Natural gas futures gained in New York for the first time in six days, rebounding from a 25-week low, after a government report showed a stockpile increase that was near analyst forecasts.
Gas climbed 1.5 percent after the Energy Information Administration said a U.S. supply increase of 96 billion cubic feet included about 14 billion that was reclassified from base gas to working gas. Analysts expected a gain of 79 billion.
“The reclassification means that supplies really rose by 82 billion cubic feet, which is not the monster injection that people initially thought it was,” said Aaron Calder, an analyst at Gelber & Associates in Houston. “The trade has been really overcrowded on the short side and we’ve been in oversold territory.”
Natural gas for September delivery rose 5 cents to settle at $3.297 per million British thermal units on the New York Mercantile Exchange. Trading volume was 76 percent above the average at 2:44 p.m. Prices have declined 1.6 percent this year. Prices fell to $3.129 per million British thermal units, the lowest intraday price since Feb. 15, immediately following the report before rebounding.
The discount of September to October futures narrowed 0.1 cent to 2.4 cents.
October $3 puts were the most active options in electronic trading. They were 1.6 cents lower at 4 cents per million Btu on volume of 1,276 at 3:27 p.m. Puts accounted for 57 percent of trading volume. Implied volatility for at-the-money options expiring in September was 31.85 percent at 3:15 p.m., compared with 33.11 percent yesterday.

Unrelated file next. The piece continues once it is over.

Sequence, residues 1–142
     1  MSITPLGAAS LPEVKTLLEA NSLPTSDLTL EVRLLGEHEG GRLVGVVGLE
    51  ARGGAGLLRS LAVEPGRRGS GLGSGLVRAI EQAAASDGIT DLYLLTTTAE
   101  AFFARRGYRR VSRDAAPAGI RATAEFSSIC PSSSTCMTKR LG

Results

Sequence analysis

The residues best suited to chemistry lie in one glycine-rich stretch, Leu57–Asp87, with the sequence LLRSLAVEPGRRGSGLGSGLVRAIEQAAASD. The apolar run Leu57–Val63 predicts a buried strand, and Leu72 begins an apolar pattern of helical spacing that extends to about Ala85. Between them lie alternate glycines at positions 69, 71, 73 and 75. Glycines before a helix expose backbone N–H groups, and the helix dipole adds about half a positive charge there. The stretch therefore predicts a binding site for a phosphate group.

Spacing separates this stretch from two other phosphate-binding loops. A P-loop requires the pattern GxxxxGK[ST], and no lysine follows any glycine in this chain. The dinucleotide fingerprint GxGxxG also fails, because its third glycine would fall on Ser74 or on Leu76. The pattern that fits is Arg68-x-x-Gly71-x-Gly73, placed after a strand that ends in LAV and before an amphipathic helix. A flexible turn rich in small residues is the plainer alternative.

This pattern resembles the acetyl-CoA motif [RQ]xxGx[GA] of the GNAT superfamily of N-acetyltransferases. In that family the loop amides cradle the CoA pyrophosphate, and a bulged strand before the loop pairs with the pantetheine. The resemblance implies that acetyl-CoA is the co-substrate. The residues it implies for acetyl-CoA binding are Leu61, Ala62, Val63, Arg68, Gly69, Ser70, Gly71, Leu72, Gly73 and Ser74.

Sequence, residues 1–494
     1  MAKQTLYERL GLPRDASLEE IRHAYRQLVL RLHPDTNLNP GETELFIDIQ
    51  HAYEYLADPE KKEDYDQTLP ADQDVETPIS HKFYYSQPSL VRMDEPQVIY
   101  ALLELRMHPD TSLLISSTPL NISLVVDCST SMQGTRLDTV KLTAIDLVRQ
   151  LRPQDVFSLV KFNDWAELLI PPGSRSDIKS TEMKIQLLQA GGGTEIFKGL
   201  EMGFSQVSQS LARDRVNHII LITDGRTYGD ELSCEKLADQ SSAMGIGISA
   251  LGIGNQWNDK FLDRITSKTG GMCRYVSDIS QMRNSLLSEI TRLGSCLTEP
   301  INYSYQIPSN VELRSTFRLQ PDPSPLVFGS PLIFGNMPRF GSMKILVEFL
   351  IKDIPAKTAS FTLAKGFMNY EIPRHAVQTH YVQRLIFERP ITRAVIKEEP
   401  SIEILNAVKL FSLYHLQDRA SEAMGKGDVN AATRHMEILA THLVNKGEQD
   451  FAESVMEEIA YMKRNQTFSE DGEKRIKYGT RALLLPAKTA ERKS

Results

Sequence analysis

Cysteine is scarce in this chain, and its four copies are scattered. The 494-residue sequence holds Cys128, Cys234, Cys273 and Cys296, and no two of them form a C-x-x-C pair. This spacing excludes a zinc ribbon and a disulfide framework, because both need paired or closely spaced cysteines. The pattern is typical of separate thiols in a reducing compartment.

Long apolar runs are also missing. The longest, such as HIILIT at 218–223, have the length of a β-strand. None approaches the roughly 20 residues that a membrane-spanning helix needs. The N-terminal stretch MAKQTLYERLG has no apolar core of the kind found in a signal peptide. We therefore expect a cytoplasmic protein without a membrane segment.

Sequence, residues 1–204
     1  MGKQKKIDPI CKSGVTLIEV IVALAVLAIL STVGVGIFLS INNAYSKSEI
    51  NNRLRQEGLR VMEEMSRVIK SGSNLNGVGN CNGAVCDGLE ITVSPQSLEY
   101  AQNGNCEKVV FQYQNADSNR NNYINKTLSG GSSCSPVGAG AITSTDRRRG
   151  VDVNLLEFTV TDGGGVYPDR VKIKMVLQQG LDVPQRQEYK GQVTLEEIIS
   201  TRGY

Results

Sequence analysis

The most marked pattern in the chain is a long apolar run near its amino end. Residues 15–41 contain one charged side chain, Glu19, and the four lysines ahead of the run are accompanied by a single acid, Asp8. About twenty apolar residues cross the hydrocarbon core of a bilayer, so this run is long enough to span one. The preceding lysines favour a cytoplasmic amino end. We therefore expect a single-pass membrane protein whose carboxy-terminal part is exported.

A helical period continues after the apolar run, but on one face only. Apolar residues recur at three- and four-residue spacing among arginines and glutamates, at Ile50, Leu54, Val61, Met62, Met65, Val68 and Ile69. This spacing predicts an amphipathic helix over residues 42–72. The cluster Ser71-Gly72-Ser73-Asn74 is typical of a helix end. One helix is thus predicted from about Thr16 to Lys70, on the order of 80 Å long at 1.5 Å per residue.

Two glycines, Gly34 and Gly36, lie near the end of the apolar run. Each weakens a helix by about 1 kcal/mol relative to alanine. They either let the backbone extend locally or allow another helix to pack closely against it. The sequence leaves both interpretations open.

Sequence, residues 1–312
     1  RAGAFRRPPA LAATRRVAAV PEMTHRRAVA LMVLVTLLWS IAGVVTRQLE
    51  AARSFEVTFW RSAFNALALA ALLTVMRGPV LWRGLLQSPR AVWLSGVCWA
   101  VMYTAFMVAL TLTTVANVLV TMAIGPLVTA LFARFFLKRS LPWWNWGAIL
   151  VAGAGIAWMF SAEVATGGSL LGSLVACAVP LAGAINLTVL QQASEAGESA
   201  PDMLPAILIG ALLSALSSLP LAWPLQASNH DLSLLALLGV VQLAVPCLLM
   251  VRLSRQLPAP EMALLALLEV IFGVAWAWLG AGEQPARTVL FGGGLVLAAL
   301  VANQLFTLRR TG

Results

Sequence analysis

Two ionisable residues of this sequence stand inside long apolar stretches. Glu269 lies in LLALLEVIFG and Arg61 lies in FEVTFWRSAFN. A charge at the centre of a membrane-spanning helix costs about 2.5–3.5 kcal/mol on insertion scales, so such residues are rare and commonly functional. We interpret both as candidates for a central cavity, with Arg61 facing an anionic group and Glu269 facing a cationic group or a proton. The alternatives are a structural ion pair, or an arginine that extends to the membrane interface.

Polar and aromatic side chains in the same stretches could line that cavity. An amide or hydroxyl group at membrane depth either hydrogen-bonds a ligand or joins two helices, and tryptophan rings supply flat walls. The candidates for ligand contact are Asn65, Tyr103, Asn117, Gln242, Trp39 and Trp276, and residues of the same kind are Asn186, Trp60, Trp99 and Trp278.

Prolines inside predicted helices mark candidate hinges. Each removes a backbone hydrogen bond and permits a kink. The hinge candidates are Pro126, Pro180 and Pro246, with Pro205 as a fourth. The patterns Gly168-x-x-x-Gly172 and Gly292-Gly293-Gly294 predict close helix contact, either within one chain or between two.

The relative strength index, or RSI, for the front-month contract was 34.8 at 3:18 p.m. after slipping to 28.1 yesterday. A drop below 30 is considered by some traders to be a buy signal, while a number above 70 can be a signal to sell.
Gas dropped as much as 3.6 percent after the EIA said stockpiles climbed in the week ended Aug. 2 to 2.941 trillion cubic feet. Supplies were 0.7 percent above the five-year average, rising to a surplus for the first time since March.
The high in Dallas on Aug. 21 may be 101 degrees Fahrenheit (38 Celsius), 5 more than usual, according to AccuWeather Inc. in State College, Pennsylvania. Power generation accounts for 32 percent of U.S. gas demand, according to the EIA, the Energy Department’s statistical arm.
“We could certainly have an extended period of hotter weather that would support prices,” said Gordy Elliott, a risk-management specialist at Intl FCStone Inc. in St. Lois Park, Minnesota.
Goldman Sachs Group Inc. is maintaining its view that the U.S. will increase liquefied natural gas exports to 6 billion cubic feet a day by 2021, Jeffrey Currie, an analyst at the bank in New York, said in an e-mailed note to clients dated yesterday.
The Energy Department approved Lake Charles Exports LLC’s application yesterday to ship natural gas from its terminal in Louisiana to countries that lack free-trade agreements with the U.S. The U.S. previously approved such exports from the Sabine Pass LNG terminal in Louisiana and the Freeport LNG terminal in Texas. About 19 applications are pending at the department.
The U.S. cut its 2013 production estimate for marketed natural gas to 69.89 billion cubic feet a day from last month’s forecast of 69.96 billion, the EIA said Aug. 6 in in its Short-Term Energy Outlook. Output may rise 1 percent from a year ago to a record as onshore supplies climb.
Stockpiles may total 3.8 trillion cubic feet at the end of October, about 130 billion below last year’s peak for the time of year, the agency said.
The U.S. met 87 percent of its own energy needs in the first four months of 2013, on pace to be the highest annual rate since 1985, according to EIA data.
To contact the reporter on this story: Christine Buurma in New York at email@example.com;
To contact the editor responsible for this story: Dan Stets at firstname.lastname@example.org